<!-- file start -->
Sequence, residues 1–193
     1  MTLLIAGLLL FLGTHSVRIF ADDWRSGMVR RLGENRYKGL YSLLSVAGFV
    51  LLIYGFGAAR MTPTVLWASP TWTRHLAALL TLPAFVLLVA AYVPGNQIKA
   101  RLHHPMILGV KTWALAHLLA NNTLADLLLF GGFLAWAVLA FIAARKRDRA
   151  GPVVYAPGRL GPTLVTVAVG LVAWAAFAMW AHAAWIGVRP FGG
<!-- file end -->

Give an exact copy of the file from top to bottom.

Sequence, residues 1–193
     1  MTLLIAGLLL FLGTHSVRIF ADDWRSGMVR RLGENRYKGL YSLLSVAGFV
    51  LLIYGFGAAR MTPTVLWASP TWTRHLAALL TLPAFVLLVA AYVPGNQIKA
   101  RLHHPMILGV KTWALAHLLA NNTLADLLLF GGFLAWAVLA FIAARKRDRA
   151  GPVVYAPGRL GPTLVTVAVG LVAWAAFAMW AHAAWIGVRP FGG